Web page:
Friday, June 5, 2009

CSIS hid evidence in Harkat case

Disturbing news of CSIS misconduct emerged last week in the security certificate review hearing of Mohamed Harkat. Federal Court Justice Simon Noel released an unprecedented decision ([2009] F.C.J. No. 619) ordering CSIS to disclose the name of a key confidential informant, and to produce its uncensored file on the informant, to the two special advocates charged with protecting Harkat’s interests in the in camera proceedings.

Justice Noel’s ruling came a day after CSIS delivered a top secret letter to the judge acknowledging that information about the CSIS source, dating from 2002 and 2008, had not been presented to the Court. Justice Noel had specifically asked for all evidence relevant to the reliability of the witness in an in camera hearing last year and was assured all had been given. The new information, wrote the judge, is “significant”, and goes to the weight to be given to the informant’s evidence.

Late last year, the special advocates sought disclosure of CSIS’ intelligence files and access to CSIS informants who had implicated Harkat as a sleeper al Qaeda operative. At that time, the Ministers took the position that they had complied with the Court’s previous disclosure orders and had provided all of the information required to be disclosed in accordance with the Supreme Court of Canada’s decision in Charkaoui #2, [2008] S.C.J. 39. The Ministers advised the Court that the special advocates were in possession of all the information in the possession or control of CSIS regarding Harkat. On this basis, Justice Noel rejected the request for further disclosure, and further held that CSIS informants’ identities were protected by covert human intelligence source privilege, analogous to the common law police informant privilege.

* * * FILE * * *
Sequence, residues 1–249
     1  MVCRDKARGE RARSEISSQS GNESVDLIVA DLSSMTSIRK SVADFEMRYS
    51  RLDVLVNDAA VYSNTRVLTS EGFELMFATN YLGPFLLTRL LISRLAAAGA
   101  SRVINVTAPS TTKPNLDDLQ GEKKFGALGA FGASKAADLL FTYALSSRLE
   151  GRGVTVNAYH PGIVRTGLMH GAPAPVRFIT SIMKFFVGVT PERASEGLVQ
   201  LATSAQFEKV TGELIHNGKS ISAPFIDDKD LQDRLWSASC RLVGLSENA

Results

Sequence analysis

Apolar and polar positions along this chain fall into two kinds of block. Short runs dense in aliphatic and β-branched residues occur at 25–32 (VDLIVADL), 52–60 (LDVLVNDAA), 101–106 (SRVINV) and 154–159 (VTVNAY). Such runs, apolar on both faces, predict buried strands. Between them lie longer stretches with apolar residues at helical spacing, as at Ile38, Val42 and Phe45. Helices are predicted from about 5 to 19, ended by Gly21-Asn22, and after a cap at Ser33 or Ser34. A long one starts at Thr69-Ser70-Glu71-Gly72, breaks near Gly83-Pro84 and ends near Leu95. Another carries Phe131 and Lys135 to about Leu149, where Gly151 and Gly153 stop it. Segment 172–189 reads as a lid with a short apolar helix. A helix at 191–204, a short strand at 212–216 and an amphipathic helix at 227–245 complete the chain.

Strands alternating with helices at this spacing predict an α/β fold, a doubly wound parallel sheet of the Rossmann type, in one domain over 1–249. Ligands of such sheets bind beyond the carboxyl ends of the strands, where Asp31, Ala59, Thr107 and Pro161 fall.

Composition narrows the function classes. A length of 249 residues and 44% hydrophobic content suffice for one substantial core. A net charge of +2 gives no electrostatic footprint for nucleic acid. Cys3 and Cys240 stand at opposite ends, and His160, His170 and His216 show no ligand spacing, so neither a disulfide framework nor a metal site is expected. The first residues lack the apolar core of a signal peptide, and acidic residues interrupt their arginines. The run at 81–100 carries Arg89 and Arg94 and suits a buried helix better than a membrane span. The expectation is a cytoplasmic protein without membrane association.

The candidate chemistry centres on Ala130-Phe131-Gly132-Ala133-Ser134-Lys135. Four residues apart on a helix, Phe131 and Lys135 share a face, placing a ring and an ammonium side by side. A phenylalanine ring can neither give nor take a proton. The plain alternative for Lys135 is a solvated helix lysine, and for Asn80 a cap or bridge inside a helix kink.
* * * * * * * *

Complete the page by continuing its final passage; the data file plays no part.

In last week’s ruling, however, Justice Noel referred to the one exception to the rule – if failure to disclose the information would constitute a “flagrant breach of procedural justice” and bring the administration of justice into disrepute. After reviewing the contents of the Ministers’ letter, Justice Noel concluded that “the Special Advocates have a need to know the contents of the human source file even if this results in the revelation of the source's identity. The rule of law requires no less. Once the Court has evidence that leads it to question the completeness of the information being provided to it by the Ministers, in apparent violation of their obligation of utmost good faith, it must allow the Special Advocates access to all information which they have a need to know” (at para. 14).

In light of “possible prevarication” by CSIS witnesses and the withholding of important evidence, Justice Noel also stated that the Court would review all orders issued and evidence provided to date “to see if any further judicial action is required to preserve the integrity of the administration of justice” (at para. 15). The hearing to assess the reasonableness of the security certificate has been postponed.

In the meantime, Justice Noel is considering submissions by Harkat’s counsel that a search of Harkat’s home in mid-May 2009 was unconstitutional. Thirteen Canadian Border Service officials, three police officers and three dogs searched the home and seized, among other things, photo albums, Harkat’s wife’s computer (containing correspondence with Harkat’s counsel), and her agendas. During the June 3rd hearing, Justice Noel expressed concern that the search was “out of proportion” and “extremely instrusive”.

Posted by Professor Jasminka Kalajdzic, University of Windsor, Faculty of Law

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